Farm Bill Goes Down in Flames in the House
Policy + Politics

Farm Bill Goes Down in Flames in the House

REUTERS/Jeff Tuttle

A nearly $1 trillion, ten-year farm bill went down in flames Thursday afternoon in the House after cost-conscious Republicans teamed up with Democratic defenders of food stamps to defeat the measure, 234 to 195.

This is the second year in a row that Congress has failed to muster sufficient support to rewrite national farm legislation – a major embarrassment for congressional leaders. House Agriculture Committee chairman Frank Lucas, R-OK, said there may not be another chance to pass major farm legislation this year.

While the Democratic-controlled Senate last month approved a farm bill containing $4 billion in long term cuts in the federal food stamp program, Democrats in the House balked today at a Republican version that would have slashed food stamp spending by $20 billion over the next ten years.

Democrats were particularly incensed after Republicans added amendments requiring drug testing of applicants and posing other obstacles to acquiring the federal food subsidy.
“This is part of an ongoing effort to demean poor people,”   Rep. Jim P. McGovern, R-MA, told MSNBC after the surprising vote.

Conservative Republicans also objected to substantial increases in crop insurance programs and other generous subsidies for producers. House and Senate Democratic and Republican leaders both touted reforms in their bills that they claimed would save nearly $40 billion over the next five years, largely by eliminating costly and wasteful direct payments to farmers and farmland owners.

But Congress was essentially playing an enormous shell game. That’s because the legislation would shift much of those savings to the federal crop insurance program, created during the Great Depression to protect farmers against drought and flooding or precipitous drops in crop prices. In a sense, lawmakers were simply moving around billions of dollars from one overly generous subsidy program to another to help make farming virtually risk free for a relatively small universe of farmers.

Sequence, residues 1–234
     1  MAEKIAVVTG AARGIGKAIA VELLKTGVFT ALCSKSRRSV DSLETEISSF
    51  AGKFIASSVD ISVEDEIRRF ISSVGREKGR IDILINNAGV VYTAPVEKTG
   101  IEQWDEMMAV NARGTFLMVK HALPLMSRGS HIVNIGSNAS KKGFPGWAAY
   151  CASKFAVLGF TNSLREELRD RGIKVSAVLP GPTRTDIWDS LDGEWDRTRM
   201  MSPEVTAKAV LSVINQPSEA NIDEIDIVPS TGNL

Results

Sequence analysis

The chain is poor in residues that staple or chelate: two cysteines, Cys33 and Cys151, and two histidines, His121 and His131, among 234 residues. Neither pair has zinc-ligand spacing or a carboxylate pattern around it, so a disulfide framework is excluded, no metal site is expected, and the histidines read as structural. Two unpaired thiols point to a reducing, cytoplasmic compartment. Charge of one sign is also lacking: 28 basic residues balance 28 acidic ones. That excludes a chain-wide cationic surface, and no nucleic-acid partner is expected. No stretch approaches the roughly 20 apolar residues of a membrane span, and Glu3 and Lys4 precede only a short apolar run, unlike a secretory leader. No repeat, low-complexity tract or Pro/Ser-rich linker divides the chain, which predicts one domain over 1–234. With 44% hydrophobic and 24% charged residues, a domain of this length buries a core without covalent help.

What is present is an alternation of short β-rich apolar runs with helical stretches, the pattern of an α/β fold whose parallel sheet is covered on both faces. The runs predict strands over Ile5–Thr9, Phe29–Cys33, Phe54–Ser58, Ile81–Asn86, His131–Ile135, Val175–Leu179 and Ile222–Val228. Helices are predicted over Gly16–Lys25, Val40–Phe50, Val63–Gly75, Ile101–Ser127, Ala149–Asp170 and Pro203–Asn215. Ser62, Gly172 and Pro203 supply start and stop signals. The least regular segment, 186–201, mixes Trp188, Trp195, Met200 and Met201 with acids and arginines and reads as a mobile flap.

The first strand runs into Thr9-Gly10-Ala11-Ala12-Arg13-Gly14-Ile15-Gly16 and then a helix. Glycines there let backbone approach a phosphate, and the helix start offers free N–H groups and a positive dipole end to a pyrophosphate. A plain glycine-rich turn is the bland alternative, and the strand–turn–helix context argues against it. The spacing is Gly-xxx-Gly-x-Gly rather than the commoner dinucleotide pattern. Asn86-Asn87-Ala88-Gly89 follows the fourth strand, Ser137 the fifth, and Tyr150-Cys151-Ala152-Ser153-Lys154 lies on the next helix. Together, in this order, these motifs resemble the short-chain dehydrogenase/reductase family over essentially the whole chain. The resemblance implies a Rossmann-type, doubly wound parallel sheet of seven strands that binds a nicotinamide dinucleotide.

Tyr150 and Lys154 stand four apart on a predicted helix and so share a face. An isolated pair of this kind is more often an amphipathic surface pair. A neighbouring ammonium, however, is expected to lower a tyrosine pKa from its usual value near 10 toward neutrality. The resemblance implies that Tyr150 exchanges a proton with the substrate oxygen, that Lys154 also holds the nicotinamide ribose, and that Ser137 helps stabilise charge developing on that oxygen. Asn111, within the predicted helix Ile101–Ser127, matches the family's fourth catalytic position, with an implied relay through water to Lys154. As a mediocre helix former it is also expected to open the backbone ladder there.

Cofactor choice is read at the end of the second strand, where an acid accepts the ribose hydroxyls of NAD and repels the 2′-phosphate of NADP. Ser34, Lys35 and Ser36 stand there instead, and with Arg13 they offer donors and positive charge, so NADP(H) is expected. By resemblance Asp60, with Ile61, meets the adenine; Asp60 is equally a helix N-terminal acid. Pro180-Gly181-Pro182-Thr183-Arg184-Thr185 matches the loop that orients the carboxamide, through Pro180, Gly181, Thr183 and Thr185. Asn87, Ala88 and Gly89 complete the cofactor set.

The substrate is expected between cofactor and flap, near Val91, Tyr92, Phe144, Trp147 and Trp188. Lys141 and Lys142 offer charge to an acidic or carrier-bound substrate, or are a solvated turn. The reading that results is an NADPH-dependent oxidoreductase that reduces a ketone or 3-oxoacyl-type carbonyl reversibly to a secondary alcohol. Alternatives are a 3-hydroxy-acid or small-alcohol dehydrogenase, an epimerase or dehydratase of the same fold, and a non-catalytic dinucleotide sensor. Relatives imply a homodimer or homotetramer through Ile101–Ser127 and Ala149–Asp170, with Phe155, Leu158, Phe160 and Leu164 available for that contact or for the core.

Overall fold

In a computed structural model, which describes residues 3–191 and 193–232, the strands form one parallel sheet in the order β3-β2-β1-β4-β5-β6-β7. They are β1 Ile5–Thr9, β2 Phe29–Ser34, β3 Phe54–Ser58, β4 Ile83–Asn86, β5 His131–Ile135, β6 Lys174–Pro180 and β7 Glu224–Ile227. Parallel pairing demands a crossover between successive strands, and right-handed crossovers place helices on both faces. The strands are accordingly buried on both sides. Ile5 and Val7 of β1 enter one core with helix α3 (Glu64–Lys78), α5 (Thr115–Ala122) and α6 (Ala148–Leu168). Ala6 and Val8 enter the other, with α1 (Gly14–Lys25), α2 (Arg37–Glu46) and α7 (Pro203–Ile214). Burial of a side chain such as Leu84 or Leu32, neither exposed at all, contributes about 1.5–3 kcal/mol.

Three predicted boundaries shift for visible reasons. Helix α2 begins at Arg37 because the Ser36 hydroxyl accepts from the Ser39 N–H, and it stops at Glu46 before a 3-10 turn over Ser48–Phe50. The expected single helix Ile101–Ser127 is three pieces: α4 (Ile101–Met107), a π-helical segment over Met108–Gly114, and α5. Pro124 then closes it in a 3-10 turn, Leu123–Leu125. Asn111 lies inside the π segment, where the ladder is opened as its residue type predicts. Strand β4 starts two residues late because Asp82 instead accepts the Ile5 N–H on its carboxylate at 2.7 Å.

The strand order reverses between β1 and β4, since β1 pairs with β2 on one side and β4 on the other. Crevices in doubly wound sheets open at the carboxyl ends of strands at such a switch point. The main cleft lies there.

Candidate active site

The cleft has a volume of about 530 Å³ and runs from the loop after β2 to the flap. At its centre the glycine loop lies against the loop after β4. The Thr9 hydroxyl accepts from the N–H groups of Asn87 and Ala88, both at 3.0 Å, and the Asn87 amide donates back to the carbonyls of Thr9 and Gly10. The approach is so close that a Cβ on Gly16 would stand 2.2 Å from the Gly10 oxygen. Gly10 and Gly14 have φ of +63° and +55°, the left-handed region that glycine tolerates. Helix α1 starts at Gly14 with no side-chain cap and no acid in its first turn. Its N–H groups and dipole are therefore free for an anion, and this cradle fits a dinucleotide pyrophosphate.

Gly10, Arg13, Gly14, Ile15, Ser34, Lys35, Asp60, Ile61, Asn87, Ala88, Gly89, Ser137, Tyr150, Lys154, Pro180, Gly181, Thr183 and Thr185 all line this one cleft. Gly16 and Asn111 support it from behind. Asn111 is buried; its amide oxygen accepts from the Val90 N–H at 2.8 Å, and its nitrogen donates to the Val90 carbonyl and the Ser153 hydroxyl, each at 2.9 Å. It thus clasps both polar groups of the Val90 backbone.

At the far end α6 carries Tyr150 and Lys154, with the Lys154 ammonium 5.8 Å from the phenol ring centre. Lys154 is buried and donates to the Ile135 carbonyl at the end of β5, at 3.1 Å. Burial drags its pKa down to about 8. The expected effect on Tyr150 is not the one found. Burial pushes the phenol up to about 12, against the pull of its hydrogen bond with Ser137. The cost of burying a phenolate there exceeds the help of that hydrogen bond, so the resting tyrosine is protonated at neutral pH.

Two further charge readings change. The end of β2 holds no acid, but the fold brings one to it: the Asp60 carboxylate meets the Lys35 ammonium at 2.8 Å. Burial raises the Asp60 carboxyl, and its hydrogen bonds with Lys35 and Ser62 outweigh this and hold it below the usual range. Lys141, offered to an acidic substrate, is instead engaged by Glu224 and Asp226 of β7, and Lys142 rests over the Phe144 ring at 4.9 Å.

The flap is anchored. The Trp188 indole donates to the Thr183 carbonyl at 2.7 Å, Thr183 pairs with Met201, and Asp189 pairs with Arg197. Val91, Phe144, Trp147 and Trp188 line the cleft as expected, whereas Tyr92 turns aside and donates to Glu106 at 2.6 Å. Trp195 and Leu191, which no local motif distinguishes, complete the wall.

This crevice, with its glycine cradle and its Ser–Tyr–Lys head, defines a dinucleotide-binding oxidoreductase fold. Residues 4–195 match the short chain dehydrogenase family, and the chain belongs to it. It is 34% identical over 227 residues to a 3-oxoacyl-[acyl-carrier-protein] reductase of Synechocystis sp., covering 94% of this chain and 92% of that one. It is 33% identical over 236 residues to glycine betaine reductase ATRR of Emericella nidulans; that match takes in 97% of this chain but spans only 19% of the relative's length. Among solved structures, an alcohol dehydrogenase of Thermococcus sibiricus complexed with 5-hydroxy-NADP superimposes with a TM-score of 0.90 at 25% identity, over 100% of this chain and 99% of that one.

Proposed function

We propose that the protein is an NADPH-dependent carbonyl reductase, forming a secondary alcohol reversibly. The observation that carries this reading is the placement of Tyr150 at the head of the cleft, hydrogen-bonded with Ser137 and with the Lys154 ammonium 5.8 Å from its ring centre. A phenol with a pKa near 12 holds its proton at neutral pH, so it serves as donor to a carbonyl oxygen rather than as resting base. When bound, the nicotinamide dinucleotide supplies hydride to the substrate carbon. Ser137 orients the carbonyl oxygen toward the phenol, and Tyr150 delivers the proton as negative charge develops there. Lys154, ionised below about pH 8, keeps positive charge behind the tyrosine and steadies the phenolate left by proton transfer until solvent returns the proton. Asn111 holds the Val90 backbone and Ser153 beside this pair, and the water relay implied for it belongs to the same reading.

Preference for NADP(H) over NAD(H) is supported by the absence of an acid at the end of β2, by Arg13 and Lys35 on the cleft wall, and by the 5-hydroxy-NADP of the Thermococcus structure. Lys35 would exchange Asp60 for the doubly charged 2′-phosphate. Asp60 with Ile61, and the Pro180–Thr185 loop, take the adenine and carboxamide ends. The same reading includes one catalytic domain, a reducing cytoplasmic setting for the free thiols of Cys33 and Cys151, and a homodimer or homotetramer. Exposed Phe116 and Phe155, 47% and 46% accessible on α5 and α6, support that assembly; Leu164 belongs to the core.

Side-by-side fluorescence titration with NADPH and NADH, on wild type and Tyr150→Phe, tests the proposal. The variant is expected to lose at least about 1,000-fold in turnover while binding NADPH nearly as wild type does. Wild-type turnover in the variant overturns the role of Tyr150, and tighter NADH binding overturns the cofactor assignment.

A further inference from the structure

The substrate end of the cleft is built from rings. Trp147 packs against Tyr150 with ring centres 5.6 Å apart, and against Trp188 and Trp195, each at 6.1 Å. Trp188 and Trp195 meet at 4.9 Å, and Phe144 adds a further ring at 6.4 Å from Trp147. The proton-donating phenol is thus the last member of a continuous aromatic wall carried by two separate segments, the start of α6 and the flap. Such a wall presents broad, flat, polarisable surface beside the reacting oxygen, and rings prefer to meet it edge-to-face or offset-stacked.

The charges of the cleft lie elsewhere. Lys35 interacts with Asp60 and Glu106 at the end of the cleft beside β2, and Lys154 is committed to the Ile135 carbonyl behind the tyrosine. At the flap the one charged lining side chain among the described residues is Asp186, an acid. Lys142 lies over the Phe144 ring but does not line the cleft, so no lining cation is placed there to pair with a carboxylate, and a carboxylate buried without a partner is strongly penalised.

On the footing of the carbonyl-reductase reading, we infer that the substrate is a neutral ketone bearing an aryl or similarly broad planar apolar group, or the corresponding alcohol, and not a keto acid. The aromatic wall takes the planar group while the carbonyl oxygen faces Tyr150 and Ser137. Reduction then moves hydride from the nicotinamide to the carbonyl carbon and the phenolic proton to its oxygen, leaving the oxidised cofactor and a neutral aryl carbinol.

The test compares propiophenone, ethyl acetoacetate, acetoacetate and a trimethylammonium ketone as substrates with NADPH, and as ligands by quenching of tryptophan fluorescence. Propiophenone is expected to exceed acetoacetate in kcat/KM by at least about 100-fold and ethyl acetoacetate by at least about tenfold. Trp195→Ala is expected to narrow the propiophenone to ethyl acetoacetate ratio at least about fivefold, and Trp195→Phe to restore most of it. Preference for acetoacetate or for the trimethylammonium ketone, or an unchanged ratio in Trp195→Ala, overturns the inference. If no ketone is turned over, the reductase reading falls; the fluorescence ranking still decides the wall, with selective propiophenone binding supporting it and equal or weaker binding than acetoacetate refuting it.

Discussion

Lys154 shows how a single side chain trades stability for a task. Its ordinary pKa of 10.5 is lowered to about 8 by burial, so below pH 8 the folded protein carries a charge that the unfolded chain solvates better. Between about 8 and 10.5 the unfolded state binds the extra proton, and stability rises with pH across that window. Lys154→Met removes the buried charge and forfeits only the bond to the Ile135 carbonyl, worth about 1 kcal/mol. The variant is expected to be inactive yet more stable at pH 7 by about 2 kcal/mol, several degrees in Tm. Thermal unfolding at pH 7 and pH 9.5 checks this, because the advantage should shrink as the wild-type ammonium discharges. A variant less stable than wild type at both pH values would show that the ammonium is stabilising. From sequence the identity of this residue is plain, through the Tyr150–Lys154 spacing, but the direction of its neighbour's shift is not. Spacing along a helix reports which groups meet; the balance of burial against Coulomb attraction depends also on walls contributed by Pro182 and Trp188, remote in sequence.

Powerful conservative groups -- including the Club for Growth and the Heritage Foundation, which is led by former Republican Sen. Jim DeMint -- lobbied against some of the bill's remaining and costly farm subsidies.  In the end, 62 Republicans voted against the bill, while only 24 Democrats voted in favor of it.

“Now that the House has defeated the Farm Bill, we should finally discuss real reform,” said Club for Growth President Chris Chocola. “The time for reform is now. We need to put farm subsidies on a path to elimination and we need to devolve food stamps to the state level where they belong. With $17 trillion in debt, the American taxpayers don’t have time to wait.”

Ryan Alexander, president of Taxpayers for Common Sense, said that while there were many reasons for the bill’s failure on the floor, “clearly this wasteful bill was too much and too costly for a majority of lawmakers to stomach, especially in the challenging budget environment.”

“While the rest of the country has been in the economic doldrums for the past few years, farm country has seen record profits,” she said. “The House Agriculture Committee’s reaction to this scenario: layer on more agriculture subsidies that would put taxpayers on the hook for guaranteeing those record profits for years to come.

The bill did this by creating new subsidized income entitlement programs designed to guarantee up to 90 percent of a farmer’s revenue. It also resurrects Moscow on the Potomac guaranteed target prices for favored crops. In fact some of the target prices are so high, they would have triggered immediate payouts.

House Majority Leader Eric Cantor, R-Va., and House Democratic Whip Steny Hoyer, D-Md., clashed on the floor after the vote, each blaming the other for turning what began as a bipartisan effort to renew the nation’s farm laws into a bitter, partisan confrontation.

Clearly, the fight over food stamp spending was the main lightning rod for partisanship that led to the bill’s demise. Democrats defended the unprecedented growth in the program in the wake of the financial crisis and Great Recession, while Republicans complained about runaway spending and widespread food stamp fraud.

GOP leaders blamed Democrats for not providing enough votes to pass the bill. Only 24 Democrats voted in favor of the legislation after many said the food stamp cuts would remove as many as 2 million needy recipients from the rolls. The addition of an optional state work requirements just before final passage enraged many Democrats who turned against the final bill.

Minnesota Rep. Collin Peterson, the senior Democrat on the House Agriculture Committee, said the work requirements, along with another vote that scuttled a proposed dairy overhaul, turned too many lawmakers against the measure. "Our people didn't know this was coming," Peterson told USA Today after the vote.